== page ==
The prevalence and risk factors of infantile haemangiomas: a case-control study in the Dutch population

Paediatr Perinat Epidemiol. 2012 Mar;26(2):156-62. doi: 10.1111/j.1365-3016.2011.01214.x. Epub 2011 Sep 20.


Haemangiomas are considered to be the most common tumours of infancy. However, despite their frequent occurrence the aetiological determinants of their development remain unknown. Identifying these factors may provide insight on their pathogenesis. We performed cross-sectional screening for haemangiomas in newborns (0-16 months of age) in the general Dutch population. Haemangioma-specific and pregnancy-related data were collected in children with a haemangioma. These data were compared in a case-control design using multivariable logistic regression analysis. Among 2204 newborns, 219 (9.9%) had a haemangioma. The male-to-female ratio was 1:2. The majority of haemangiomas were located on the trunk (37%). The general practitioners or medical specialists were consulted in only a minority of cases (<7%). Amniocentesis [odds ratio (OR) 3.6, 95% confidence interval (CI) 1.11, 11.42], breech presentation [OR 2.3, 95% CI 1.14, 4.44], being first-born [OR 1.55, 95% CI 1.03, 2.33] and a birthweight ≤2500 g [OR 4.95, 95% CI 1.63, 15.05] were independent factors associated with the development of a haemangioma. Duration of pregnancy did not differ between study groups. Our study showed that the prevalence of a haemangioma is 9.9% in the general (Dutch) population. Four factors appear relevant in the development of haemangiomas. These factors may provide clues to its pathogenesis.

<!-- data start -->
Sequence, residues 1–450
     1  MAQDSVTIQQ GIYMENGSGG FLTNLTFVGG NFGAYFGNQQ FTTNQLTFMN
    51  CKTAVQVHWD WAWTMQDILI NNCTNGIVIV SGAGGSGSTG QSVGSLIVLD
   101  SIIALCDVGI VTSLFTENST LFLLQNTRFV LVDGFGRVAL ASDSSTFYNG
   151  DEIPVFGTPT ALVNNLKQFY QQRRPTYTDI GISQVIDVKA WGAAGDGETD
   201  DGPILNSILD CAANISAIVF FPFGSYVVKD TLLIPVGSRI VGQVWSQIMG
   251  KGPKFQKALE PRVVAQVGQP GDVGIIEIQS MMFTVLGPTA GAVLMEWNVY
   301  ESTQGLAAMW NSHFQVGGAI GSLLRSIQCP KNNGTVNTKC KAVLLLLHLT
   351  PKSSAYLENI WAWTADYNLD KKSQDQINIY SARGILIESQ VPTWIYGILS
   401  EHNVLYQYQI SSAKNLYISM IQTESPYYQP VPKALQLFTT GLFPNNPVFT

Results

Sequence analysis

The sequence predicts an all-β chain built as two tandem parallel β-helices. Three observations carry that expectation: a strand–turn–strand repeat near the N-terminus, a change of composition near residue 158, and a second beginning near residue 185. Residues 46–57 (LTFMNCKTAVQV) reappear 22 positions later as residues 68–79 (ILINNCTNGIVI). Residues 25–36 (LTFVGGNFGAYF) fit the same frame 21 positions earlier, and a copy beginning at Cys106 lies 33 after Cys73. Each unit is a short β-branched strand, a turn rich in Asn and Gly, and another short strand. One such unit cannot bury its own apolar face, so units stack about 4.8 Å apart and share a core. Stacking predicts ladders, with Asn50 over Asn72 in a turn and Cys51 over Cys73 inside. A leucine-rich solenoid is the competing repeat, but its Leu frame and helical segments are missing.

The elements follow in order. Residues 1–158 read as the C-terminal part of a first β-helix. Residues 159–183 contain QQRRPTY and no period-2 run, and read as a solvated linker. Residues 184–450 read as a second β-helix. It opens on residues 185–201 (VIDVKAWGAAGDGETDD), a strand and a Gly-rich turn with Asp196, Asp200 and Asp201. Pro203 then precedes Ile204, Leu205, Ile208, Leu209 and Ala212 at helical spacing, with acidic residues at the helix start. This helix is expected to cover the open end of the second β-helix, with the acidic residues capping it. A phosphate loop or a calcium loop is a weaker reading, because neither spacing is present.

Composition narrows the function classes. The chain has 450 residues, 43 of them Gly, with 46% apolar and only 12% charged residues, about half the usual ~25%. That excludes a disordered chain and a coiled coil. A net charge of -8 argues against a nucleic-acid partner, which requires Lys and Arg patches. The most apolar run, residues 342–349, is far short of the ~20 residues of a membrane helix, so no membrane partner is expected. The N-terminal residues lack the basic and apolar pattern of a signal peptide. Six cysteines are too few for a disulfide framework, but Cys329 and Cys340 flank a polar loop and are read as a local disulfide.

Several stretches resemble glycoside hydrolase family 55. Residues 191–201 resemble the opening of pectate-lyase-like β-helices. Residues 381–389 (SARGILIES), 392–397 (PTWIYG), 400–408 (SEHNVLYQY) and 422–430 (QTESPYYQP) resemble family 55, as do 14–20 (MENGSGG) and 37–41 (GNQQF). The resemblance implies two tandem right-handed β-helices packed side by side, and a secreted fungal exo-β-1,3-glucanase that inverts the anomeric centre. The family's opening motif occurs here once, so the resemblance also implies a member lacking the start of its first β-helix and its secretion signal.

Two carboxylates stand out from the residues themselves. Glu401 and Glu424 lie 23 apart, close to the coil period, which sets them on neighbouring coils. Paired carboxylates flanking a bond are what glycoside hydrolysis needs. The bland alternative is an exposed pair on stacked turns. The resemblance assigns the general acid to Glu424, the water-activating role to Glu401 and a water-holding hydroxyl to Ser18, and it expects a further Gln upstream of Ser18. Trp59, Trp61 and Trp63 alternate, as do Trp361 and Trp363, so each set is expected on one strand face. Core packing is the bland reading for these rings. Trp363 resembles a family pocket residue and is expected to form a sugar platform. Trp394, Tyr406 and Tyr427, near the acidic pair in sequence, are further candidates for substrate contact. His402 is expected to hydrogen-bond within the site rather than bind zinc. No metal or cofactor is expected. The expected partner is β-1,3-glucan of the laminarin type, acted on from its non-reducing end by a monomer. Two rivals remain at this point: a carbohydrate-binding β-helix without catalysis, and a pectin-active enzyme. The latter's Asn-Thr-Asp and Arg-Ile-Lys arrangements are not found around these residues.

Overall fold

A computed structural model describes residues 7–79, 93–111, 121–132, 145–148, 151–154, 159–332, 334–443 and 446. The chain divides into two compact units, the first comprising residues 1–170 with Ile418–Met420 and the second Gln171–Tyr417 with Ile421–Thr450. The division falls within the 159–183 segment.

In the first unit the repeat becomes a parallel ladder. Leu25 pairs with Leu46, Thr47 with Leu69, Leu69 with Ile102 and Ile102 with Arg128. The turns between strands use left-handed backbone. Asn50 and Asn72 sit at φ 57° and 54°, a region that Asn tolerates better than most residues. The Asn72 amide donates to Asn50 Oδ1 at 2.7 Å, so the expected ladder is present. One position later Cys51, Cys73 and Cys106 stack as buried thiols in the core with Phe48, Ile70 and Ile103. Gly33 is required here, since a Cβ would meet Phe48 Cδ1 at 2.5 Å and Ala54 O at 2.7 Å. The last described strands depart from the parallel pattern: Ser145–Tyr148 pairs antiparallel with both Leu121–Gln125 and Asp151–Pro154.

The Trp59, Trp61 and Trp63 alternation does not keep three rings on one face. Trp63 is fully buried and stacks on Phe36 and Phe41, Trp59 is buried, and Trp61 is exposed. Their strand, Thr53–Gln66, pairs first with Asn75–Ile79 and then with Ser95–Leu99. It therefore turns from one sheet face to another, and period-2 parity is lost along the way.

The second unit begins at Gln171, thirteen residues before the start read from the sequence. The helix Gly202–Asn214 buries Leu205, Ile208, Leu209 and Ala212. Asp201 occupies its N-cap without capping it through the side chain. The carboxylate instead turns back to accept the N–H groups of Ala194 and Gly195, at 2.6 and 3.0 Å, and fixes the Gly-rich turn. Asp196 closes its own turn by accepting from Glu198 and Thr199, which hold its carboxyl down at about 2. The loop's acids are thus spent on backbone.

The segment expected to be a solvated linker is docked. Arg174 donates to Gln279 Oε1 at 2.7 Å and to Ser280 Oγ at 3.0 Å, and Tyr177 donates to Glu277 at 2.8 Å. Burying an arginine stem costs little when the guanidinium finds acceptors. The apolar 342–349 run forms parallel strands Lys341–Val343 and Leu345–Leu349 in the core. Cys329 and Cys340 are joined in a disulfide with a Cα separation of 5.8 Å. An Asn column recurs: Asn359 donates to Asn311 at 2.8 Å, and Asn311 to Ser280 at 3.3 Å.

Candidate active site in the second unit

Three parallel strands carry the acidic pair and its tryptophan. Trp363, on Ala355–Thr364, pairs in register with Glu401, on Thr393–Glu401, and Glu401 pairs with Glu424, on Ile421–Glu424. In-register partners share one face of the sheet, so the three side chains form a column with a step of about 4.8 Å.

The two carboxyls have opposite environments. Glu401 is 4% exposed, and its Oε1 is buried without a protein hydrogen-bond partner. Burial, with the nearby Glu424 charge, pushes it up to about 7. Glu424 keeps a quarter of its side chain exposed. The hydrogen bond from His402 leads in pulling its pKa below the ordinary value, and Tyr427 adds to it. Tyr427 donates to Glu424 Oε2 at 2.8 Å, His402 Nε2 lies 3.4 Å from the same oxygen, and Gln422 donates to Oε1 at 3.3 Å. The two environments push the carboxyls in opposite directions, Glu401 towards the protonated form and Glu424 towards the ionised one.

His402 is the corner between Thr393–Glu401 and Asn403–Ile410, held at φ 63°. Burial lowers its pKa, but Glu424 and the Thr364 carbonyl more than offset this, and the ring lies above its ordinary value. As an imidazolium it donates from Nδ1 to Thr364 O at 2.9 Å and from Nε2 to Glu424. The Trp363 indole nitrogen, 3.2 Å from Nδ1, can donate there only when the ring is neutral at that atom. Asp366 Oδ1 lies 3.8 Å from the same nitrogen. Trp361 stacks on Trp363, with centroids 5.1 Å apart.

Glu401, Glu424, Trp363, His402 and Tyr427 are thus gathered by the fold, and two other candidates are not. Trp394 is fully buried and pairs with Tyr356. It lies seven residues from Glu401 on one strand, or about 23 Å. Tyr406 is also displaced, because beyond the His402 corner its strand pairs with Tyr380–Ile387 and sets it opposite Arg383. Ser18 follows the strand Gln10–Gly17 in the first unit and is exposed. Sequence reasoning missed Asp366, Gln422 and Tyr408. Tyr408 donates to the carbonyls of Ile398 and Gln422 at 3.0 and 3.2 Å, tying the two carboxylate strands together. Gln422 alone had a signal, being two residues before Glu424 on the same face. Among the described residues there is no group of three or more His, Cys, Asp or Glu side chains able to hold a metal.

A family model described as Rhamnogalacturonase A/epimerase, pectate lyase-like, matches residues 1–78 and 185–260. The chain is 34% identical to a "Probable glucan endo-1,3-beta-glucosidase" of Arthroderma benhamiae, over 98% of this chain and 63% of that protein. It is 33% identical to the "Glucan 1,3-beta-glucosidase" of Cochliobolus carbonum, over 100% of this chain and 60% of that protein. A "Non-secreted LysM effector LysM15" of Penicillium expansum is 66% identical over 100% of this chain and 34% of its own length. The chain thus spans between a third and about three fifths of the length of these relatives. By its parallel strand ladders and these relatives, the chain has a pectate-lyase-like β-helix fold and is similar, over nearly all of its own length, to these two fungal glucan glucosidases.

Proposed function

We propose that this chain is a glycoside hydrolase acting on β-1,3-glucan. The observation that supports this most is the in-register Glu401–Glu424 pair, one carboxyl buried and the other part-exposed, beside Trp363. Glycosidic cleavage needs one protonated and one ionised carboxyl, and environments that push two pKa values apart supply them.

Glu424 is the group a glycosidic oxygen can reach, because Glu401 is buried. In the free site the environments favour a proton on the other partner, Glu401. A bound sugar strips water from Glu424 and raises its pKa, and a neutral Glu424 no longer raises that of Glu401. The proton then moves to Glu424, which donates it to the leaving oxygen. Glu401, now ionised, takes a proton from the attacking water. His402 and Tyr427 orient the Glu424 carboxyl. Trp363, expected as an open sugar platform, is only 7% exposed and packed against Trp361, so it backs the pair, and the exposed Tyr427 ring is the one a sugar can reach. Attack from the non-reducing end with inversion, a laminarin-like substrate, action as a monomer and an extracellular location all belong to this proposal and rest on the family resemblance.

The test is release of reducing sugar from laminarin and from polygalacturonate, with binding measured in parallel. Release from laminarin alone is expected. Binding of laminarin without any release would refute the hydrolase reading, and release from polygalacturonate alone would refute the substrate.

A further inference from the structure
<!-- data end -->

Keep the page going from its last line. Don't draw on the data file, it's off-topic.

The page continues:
MeSH terms

  • Amniocentesis / adverse effects
  • Birth Order
  • Birth Weight
  • Breech Presentation
  • Case-Control Studies
  • Female
  • Hemangioma / epidemiology*
  • Hemangioma / etiology
  • Humans
  • Infant
  • Logistic Models
  • Male
  • Netherlands / epidemiology
  • Pregnancy
  • Pregnancy Complications, Neoplastic / epidemiology*
  • Pregnancy Complications, Neoplastic / etiology
  • Prevalence
  • Risk Factors
  • Sex Factors